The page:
Social Mobility and Demographic Behaviour: Long Term Perspectives
AbstractWe introduce a collection of papers that examine interactions between demographic behavior and social mobility via analysis of historical and contemporary longitudinal, individual- and household-level socioeconomic and demographic data. The authors originally presented these papers at The International Seminar on Social Mobility and Demographic Behavior: A Long Term Perspective" held at the California Center for Population Research at UCLA in December 2009, and organized on behalf of the IUSSP Scientific Panel on Historical Demography. We convened the meeting as a means of promoting the use of historical demographic data to address a topic of contemporary relevance that has been the subject of much attention lately: how the inter-generational transmission of socioeconomic status and socioeconomic differentials in demographic behavior interact to shape patterns of inequality over the long term. The papers here focus specifically on relationships among fertility, marriage, migration, and social mobility.
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Bibliographic InfoArticle provided by Max Planck Institute for Demographic Research, Rostock, Germany in its journal Demographic Research.
Volume (Year): 26 (2012)
Issue (Month): 8 (March)
Contact details of provider:
Web page: http://www.demogr.mpg.de/
behavior; demography; fertility; generation; marriage; migration; social mobility;
Find related papers by JEL classification:
- J1 - Labor and Demographic Economics - - Demographic Economics
- Z0 - Other Special Topics - - General
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- Harry A. Krashinsky, 2004. "Do Marital Status and Computer Usage Really Change the Wage Structure?," Journal of Human Resources, University of Wisconsin Press, vol. 39(3).
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- Lisa Jepsen, 2005. "The Relationship Between Wife’s Education and Husband’s Earnings: Evidence from 1960 to 2000," Review of Economics of the Household, Springer, vol. 3(2), pages 197-214, 06.
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- Long, Jason, 2005. "Rural-Urban Migration and Socioeconomic Mobility in Victorian Britain," The Journal of Economic History, Cambridge University Press, vol. 65(01), pages 1-35, March.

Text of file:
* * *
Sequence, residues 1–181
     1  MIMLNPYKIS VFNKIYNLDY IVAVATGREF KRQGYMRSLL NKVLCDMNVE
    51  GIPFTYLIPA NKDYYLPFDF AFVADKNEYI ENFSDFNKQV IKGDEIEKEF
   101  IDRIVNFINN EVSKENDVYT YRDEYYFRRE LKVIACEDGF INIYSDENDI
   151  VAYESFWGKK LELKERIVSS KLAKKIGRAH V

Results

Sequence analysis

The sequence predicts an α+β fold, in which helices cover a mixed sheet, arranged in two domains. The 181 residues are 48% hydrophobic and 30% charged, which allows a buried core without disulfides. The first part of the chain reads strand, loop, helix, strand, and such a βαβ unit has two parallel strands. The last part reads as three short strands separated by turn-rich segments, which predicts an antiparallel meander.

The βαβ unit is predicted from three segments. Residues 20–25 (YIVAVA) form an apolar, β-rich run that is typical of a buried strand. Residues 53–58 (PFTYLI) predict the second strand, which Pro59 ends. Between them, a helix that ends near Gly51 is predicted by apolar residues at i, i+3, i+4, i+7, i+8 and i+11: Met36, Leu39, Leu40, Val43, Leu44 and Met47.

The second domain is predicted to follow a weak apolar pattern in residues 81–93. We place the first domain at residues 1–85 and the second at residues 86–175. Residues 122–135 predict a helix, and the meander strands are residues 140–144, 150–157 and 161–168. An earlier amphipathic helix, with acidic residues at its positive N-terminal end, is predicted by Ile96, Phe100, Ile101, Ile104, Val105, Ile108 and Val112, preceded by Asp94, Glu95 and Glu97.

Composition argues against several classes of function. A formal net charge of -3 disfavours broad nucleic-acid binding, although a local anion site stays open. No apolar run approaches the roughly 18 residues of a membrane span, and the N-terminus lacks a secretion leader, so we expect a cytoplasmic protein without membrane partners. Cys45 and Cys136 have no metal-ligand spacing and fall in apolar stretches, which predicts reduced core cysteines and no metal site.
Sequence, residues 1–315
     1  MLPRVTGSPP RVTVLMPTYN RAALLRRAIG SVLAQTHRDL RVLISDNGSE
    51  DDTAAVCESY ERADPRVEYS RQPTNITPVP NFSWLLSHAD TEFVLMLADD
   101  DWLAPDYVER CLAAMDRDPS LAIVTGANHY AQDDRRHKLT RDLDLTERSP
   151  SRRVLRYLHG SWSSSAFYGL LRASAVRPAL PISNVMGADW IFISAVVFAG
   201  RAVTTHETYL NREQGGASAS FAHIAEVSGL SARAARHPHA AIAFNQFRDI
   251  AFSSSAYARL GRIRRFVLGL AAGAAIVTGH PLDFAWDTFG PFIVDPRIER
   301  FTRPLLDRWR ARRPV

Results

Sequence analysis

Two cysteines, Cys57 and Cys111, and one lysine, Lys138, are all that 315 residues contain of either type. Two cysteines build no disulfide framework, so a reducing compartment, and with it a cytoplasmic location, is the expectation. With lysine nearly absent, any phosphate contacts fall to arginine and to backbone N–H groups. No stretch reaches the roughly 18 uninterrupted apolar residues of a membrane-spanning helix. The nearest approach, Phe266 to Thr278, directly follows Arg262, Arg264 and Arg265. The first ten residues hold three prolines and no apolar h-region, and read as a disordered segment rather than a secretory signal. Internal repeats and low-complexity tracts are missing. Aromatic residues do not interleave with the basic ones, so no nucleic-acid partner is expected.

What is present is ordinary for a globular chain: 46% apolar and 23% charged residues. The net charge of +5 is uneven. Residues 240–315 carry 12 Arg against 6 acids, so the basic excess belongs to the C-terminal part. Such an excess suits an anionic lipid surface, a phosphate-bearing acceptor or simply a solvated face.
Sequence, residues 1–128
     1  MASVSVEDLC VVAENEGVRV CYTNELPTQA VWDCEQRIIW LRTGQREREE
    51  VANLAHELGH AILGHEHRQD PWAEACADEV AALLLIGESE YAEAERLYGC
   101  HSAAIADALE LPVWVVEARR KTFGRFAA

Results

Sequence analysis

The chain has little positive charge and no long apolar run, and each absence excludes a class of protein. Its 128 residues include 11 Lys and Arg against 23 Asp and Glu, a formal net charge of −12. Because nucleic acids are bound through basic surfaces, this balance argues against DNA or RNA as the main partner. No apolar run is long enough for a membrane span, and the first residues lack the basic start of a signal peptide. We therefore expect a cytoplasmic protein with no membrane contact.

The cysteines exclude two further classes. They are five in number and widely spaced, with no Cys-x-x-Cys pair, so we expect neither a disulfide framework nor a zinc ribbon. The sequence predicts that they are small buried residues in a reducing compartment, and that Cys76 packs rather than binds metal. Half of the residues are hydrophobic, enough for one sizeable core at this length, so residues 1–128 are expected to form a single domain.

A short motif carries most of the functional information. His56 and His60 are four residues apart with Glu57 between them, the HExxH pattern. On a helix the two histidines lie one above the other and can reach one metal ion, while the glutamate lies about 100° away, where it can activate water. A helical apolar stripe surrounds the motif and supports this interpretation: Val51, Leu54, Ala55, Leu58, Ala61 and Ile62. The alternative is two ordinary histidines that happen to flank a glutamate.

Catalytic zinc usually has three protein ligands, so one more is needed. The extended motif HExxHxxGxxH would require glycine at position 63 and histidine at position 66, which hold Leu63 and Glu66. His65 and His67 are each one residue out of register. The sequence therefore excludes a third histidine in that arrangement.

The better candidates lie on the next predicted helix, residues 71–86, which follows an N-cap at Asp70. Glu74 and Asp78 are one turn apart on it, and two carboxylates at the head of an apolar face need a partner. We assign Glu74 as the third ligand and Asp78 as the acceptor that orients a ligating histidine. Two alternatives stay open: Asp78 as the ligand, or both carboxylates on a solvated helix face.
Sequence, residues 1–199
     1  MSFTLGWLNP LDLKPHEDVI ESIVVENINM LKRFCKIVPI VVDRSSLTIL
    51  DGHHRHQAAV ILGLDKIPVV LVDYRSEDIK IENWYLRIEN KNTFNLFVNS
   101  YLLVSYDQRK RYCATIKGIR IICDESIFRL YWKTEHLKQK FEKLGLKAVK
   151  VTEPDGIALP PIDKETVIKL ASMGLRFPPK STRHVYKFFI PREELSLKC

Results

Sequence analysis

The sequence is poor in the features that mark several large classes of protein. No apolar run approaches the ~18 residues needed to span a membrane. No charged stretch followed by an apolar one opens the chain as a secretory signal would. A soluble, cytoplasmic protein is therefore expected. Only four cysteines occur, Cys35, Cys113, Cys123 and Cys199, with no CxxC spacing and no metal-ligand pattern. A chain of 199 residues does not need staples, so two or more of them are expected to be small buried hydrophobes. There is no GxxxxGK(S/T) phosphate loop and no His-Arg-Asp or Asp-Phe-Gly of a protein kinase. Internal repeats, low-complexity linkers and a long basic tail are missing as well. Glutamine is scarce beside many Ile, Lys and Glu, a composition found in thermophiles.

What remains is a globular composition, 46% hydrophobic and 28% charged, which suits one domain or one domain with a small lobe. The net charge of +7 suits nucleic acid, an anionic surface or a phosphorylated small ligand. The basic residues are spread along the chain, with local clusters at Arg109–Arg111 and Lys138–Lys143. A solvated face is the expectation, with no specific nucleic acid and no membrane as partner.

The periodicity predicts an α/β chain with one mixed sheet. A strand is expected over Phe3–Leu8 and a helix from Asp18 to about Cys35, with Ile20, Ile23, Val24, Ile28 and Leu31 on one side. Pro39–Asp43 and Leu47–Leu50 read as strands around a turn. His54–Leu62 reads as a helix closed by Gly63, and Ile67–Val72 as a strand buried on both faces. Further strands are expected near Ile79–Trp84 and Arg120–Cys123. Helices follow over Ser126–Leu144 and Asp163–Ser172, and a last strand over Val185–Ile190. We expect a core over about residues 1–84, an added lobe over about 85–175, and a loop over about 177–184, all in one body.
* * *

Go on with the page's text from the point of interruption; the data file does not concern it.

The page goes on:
- Jan Van Bavel & Sarah Moreels & Bart Van de Putte & Koen Matthijs, 2011. "Family size and intergenerational social mobility during the fertility transition," Demographic Research, Max Planck Institute for Demographic Research, Rostock, Germany, vol. 24(14), pages 313-344, February.
- Martin Dribe & Christer Lundh, 2010. "Marriage choices and social reproduction," Demographic Research, Max Planck Institute for Demographic Research, Rostock, Germany, vol. 22(14), pages 347-382, March.
- Robert A. Nakosteen & Olle Westerlund & Michael A. Zimmer, 2004. "Marital Matching and Earnings: Evidence from the Unmarried Population in Sweden," Journal of Human Resources, University of Wisconsin Press, vol. 39(4).
- Leticia Marteleto, 2010. "Family size, adolescentsâ€™ schooling and the Demographic Transition: Evidence from Brazil," Demographic Research, Max Planck Institute for Demographic Research, Rostock, Germany, vol. 23(15), pages 421-444, August.
- Ying Liang & Yingying Yi & Qiufen Sun, 2014. "The Impact of Migration on Fertility under China’s Underlying Restrictions: A Comparative Study Between Permanent and Temporary Migrants," Social Indicators Research, Springer, vol. 116(1), pages 307-326, March.
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